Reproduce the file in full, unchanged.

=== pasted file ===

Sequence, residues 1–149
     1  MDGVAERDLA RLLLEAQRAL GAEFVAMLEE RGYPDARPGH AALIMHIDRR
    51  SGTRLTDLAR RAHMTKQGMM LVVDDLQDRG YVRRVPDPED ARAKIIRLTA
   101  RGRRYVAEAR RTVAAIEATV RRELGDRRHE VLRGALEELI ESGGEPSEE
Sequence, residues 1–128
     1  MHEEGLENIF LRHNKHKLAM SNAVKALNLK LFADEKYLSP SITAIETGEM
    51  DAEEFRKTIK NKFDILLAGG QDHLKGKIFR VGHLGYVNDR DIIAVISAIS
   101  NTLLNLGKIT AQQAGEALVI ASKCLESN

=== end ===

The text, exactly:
Sequence, residues 1–149
     1  MDGVAERDLA RLLLEAQRAL GAEFVAMLEE RGYPDARPGH AALIMHIDRR
    51  SGTRLTDLAR RAHMTKQGMM LVVDDLQDRG YVRRVPDPED ARAKIIRLTA
   101  RGRRYVAEAR RTVAAIEATV RRELGDRRHE VLRGALEELI ESGGEPSEE
Sequence, residues 1–128
     1  MHEEGLENIF LRHNKHKLAM SNAVKALNLK LFADEKYLSP SITAIETGEM
    51  DAEEFRKTIK NKFDILLAGG QDHLKGKIFR VGHLGYVNDR DIIAVISAIS
   101  NTLLNLGKIT AQQAGEALVI ASKCLESN